Sarah Douglas blasts off to Luna2 Studiotel.
THINGS are a little mixed up here, but I think I like it. The effects of entering Luna2 Studiotel, the sleek boutique hotel located behind the glamorous Luna2 beachfront villa, are a little like stepping into a set of 2001 Space Odyssey created by a zany 1960’s hostess.
Everything is shiny and white, with a lot of orange thrown in. Wearing orange-tinted glasses and taking hallucinogens could create this sensation. So could slipping between the pages of a comic book and speaking in bubble language. I am doing none of those things, yet strangely feeling their effects.
I am here to review Orbit, the lobby restaurant at Luna2’s Studiotel. I don’t mind saying I’m getting mixed messages here but rather than making me uncomfortable, they are making me smile. I’m getting ahead of myself.
The shiny edifice that is Luna2 is topped by a rooftop bar called Space and it is here that my companion and I begin to explore the retro-speak of this boutique property.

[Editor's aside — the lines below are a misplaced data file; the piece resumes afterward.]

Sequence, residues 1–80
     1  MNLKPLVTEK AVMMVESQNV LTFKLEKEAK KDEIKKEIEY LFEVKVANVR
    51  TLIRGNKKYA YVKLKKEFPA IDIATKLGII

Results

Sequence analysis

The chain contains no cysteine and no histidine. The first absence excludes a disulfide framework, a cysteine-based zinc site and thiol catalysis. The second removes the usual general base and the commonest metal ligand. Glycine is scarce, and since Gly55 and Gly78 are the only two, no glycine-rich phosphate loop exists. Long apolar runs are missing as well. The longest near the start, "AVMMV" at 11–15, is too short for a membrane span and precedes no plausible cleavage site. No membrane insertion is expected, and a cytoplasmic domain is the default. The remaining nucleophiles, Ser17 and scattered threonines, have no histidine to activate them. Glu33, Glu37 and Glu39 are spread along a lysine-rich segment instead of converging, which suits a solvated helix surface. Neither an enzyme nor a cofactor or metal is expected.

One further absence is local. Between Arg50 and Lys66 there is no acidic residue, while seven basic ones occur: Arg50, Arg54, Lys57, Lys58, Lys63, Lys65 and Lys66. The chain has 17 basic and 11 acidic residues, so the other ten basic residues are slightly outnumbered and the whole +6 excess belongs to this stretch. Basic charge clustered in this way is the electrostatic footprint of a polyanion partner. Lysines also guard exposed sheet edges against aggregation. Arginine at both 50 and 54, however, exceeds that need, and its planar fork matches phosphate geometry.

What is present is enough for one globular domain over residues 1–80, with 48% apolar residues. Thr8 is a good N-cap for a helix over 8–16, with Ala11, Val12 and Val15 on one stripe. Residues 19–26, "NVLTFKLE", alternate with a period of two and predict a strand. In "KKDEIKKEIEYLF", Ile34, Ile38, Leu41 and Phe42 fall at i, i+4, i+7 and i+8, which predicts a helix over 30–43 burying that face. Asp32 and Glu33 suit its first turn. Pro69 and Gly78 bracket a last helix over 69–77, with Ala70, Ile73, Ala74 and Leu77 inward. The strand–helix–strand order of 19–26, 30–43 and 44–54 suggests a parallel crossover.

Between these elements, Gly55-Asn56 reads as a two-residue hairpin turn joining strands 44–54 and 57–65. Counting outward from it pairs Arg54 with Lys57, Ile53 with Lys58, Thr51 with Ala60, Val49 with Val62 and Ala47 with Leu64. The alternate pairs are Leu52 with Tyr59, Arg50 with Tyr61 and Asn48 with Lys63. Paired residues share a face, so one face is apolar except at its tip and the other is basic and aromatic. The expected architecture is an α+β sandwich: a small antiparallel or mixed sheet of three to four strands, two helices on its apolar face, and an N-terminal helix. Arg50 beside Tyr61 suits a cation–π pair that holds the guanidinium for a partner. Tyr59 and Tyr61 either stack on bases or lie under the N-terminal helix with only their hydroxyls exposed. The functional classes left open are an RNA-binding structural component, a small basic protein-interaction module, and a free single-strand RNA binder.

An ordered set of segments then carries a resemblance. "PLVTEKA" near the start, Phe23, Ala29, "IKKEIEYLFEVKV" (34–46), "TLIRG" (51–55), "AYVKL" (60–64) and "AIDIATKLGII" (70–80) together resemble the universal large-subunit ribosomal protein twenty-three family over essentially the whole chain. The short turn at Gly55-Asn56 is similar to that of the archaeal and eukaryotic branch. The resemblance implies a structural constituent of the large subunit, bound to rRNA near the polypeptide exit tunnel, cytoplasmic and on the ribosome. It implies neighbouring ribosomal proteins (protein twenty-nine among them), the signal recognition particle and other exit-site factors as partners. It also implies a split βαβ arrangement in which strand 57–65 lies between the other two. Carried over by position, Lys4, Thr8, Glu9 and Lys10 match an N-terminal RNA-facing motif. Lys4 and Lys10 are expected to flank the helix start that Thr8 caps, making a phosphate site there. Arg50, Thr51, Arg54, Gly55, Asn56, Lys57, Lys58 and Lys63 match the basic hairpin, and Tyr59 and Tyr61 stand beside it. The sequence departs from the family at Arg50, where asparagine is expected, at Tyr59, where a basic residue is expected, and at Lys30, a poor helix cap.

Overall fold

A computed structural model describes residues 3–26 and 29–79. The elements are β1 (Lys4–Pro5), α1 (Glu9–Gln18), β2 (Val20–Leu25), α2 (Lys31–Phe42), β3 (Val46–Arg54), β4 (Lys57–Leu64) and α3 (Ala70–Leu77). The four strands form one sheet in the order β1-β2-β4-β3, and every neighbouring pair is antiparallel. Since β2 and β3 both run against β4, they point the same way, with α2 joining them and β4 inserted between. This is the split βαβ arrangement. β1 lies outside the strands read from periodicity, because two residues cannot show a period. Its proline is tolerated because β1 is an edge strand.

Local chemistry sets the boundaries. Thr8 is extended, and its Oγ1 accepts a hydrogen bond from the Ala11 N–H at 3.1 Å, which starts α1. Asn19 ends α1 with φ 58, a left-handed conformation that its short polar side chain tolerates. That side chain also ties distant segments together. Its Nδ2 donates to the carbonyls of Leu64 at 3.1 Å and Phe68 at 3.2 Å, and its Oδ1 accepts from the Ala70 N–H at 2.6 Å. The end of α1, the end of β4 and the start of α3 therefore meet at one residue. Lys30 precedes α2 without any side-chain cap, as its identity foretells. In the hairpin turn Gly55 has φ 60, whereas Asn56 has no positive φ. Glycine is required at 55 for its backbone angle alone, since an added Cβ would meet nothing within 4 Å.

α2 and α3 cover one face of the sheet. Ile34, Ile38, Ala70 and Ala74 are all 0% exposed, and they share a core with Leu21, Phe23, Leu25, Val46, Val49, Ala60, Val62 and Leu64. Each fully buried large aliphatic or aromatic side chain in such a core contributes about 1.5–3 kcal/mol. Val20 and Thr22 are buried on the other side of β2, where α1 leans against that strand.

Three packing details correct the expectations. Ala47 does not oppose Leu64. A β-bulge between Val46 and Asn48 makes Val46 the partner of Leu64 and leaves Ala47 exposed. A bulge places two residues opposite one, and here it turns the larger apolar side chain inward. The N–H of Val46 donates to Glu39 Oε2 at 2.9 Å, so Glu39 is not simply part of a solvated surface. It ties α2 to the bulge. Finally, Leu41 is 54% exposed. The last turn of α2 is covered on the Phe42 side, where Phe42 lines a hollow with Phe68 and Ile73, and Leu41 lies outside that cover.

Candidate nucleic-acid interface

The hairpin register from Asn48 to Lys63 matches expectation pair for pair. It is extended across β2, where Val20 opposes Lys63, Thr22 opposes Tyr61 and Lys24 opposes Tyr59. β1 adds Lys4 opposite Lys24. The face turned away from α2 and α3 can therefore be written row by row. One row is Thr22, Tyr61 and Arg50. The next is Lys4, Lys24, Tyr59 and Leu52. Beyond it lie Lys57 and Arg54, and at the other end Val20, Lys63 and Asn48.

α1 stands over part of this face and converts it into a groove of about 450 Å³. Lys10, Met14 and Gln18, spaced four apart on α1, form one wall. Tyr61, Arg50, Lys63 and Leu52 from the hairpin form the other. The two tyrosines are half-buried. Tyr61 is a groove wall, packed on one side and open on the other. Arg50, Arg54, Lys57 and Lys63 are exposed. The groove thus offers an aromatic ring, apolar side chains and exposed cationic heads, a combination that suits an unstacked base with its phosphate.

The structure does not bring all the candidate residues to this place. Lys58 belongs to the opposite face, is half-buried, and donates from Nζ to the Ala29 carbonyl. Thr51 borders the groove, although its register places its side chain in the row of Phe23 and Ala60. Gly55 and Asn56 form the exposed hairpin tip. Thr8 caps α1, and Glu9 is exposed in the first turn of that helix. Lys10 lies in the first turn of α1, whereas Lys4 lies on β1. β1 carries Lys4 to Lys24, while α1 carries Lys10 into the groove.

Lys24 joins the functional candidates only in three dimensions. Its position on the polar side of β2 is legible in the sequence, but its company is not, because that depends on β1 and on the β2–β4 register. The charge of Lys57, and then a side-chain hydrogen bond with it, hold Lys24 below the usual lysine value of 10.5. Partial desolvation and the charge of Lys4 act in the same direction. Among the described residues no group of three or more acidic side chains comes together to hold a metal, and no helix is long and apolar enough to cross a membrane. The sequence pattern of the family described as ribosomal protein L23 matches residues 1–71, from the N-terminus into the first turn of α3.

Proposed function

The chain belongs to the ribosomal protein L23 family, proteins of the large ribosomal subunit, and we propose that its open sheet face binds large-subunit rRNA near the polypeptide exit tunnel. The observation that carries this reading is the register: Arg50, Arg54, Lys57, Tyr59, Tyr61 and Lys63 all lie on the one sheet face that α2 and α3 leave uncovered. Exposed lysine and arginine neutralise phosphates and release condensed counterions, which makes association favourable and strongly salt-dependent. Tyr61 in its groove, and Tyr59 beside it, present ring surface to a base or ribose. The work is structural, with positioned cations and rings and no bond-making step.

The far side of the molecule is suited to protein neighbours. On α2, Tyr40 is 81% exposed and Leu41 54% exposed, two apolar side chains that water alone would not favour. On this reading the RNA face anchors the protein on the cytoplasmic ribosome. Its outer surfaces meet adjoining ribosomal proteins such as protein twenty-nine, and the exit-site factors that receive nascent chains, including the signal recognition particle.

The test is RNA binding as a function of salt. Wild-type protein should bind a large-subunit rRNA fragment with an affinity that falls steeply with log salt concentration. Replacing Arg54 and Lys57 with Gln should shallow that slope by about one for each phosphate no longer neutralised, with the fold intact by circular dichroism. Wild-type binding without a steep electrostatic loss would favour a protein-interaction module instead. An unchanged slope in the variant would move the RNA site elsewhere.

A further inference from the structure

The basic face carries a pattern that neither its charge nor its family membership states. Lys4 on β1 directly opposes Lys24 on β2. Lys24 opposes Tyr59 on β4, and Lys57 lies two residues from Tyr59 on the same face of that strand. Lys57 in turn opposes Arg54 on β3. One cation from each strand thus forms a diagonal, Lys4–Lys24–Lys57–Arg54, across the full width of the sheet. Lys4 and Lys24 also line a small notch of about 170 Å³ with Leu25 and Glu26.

Here we order a cocktail. My companion, being a connoisseur of martinis, declares her martini “too wet” but I’m used to hearing that. Shrugging this off I drift into a delightful espresso martini, which goes down as smoothly as the sun sets on our view over South Bali.
The canapés served with our cocktails get my attention; two miniature, buttery cottage pies served alongside two grilled scallops on the shell peppered with melting pork cheeks and a tangy dressing, that I can’t see in the dark but it’s so good, I don’t care. It is not your usual complimentary canapés but nothing is usual here, I’m beginning to understand.
Boy George is crooning Karma Chameleon as we make our way downstairs. The décor is clearly inspired by the ‘60’s, yet the music is ‘80’s all the way and the waitresses could have fled a 40-year-old Pan Am flight after it crashed into the Hounds of the Baskervilles. Somehow though, it all comes together like toffee and apples.
Owner Melanie Hall, an English designer, has firmly put her original stamp on this 14 studio hotel. Mixing a retro feel with contemporary aesthetics, a touch of Flash Gordon and a natural feel for hospitality, she has had a lot of fun here and it’s infectious. The in-house guests we met raved about the service and we were soon agreeing with them.